Questions related to Insect Diversity
as an educator in conservation, it is very important that i teach methods that are non destructive. such as counting insect visitation to flowers, for pollinator diversity and abundance studies. i have found only one reference (Frankie et al. 2005) suggesting an appropriate time to observe flowers. thanks in advance
I recent completed a study looking at insect diversity in a metal polluted landscape using pit traps. I am interested in specifically focusing on predatory insects and want to adjust my methods to collect primarily spiders and beetles. Does anyone have any suggestions that might allow me to collect large amounts of predators?
A friend is sending me 15 Blattidae sp. "African Bullet" roaches so that I can formally ID them and publish the species description in a scientific paper. The roaches originate from a domestic colony- founding members were collected from a log at the base of Mt. Kilimanjaro. This species has been commonly misidentified as Bantua robusta.
This is my first time writing a species description paper. Does anyone have links to existing papers that would make good examples/templates for my paper? Or advice that I could use when going about this project?
I have the details about exactly how I will perform my dissections more or less straightened out. What I am less familiar with is the process of writing the paper, and exactly what information is usually included in these papers.
Unfortunately I am in a situation where I do not have the strength to leave my house due to an infection with a serious case of late-stage Lyme disease + co-infections. I figured this might be an important factor to mention.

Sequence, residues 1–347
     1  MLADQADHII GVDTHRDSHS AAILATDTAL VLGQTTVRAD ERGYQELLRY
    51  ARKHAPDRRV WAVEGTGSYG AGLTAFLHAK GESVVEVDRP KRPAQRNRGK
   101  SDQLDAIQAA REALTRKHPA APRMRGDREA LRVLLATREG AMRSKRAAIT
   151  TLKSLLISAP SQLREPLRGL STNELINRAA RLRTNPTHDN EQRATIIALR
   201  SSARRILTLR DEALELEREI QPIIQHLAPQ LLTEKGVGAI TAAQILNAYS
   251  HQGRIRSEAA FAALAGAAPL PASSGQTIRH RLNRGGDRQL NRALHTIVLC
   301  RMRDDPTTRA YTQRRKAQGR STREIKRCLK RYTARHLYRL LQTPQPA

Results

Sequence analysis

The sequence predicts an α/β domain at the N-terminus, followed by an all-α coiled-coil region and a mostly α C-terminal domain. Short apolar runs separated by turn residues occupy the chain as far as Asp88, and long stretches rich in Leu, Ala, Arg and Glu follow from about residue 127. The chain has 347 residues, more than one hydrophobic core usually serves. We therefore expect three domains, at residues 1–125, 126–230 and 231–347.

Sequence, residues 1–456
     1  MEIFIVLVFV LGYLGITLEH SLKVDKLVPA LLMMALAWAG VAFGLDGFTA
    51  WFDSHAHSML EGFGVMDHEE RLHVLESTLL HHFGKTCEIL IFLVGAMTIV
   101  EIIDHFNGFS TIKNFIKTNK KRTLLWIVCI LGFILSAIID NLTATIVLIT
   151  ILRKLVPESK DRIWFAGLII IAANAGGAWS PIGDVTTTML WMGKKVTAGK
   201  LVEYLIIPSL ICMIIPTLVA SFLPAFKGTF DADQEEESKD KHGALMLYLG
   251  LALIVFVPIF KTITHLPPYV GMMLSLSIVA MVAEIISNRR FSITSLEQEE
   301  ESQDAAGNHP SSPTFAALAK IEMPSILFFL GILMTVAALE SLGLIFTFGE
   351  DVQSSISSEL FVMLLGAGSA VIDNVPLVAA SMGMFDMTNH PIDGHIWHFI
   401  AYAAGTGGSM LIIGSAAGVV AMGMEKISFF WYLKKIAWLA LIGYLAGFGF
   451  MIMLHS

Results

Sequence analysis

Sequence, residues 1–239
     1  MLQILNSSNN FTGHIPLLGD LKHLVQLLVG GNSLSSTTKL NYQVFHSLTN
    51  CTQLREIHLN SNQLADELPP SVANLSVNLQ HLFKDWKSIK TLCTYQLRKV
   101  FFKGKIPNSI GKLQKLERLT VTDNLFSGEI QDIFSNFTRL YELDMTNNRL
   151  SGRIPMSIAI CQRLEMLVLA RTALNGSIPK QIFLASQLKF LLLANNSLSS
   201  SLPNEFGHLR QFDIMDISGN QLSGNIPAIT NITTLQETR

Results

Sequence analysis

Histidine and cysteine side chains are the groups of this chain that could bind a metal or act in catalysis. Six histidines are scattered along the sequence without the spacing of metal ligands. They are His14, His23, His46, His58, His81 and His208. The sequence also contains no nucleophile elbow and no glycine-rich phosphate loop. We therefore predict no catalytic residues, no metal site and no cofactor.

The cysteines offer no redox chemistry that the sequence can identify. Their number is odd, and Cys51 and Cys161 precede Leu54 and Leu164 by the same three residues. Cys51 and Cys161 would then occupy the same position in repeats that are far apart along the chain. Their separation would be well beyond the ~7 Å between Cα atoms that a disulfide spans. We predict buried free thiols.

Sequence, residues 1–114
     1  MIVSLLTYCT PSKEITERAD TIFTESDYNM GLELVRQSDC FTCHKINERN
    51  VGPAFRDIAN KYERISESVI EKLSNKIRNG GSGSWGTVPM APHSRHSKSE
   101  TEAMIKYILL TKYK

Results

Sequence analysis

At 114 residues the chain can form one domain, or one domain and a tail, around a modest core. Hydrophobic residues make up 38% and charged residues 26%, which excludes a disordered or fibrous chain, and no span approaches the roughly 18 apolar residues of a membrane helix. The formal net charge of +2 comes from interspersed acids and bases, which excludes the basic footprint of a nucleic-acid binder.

I am hoping to write this paper as a sort of "screw you" to my disease, and so I can continue to make progress even while I cannot attend college. Any help that anyone could offer would be incredibly valuable, and I thank you in advance!
We aim to capture nocturnal flying insects (which can be potential prey for bats) and, therefore, we are going to use UV light traps.
We will sample three different habitats in Colombia: preserved savannas, riparian forest, and rice crops. Our idea is to sample the open area (savanna, rice fields) at the same time as the forest, and we are contemplating installing two light traps in each one of these habitats, with a separation of c. 100 m.
Is it appropriate to use two traps per habitat to get a good idea of insect diversity?
the objectives of insect sampling in forest is to determine the abundance, diversity and habitat association of insect in forest ecosystem
A lot of studies, reviewers or scientists consider that fine investigations account a high number of data collection site (>15) sufficiently spaced at human scale to represent actual insect diversity. But what is the actual spatial scale of insect communtiy structure ? This should be more challenged in current studies. Maybe observationnal sites with 200 m will harbor different insect communities ? I started this point of debate cause I know that it will be some divergent opinions according to the selected insect taxonomic group and also the researcher feeling.
We found a Long-eared Owl breeding in a rock face in eastern Switzerland. I never heard about such a nest site from Central Europe. But there are observations of such a behaviour from Kazakhstan (Karyakin et al. 2007), Mallorca (König, pers. comm.) and Canary islands (Scott 1997). Does anybody know further cases of Long-eared Owls breeding in rock faces?
For insect diversity comparisons, I plan to capture, count and identify all insects found/trapped. I haven't started with the counts yet, but are currently exploring the possibilities. I have read much about all different techniques to measure, compare, extrapolate, rarefy etc to analyse the data - which is great! The only problem is that I'll try to identify all individuals to species level, but probably won't be able to (therefore assigned it as precise as possible, for example to genus). As far as I know, all the methods (like Shannon entropy, Chao, Simpsons, Richness etc) are based on the fact that all the individuals are based on the same taxonomic level, right? Am I obligated to "downgrade" all my identification data to the lowest taxa available (for example pool all species to their associated genus level)? Or is it also possible to analyse diversity with OTU's of different levels? Thanks in advance!
We are conducting a study on mangrove insect diversity. We want to know the specific kind of bait depending on the diet of the insect. If they are carnivorous, or if they are attracted to sugar solutions, what can we use for bait? Thank you!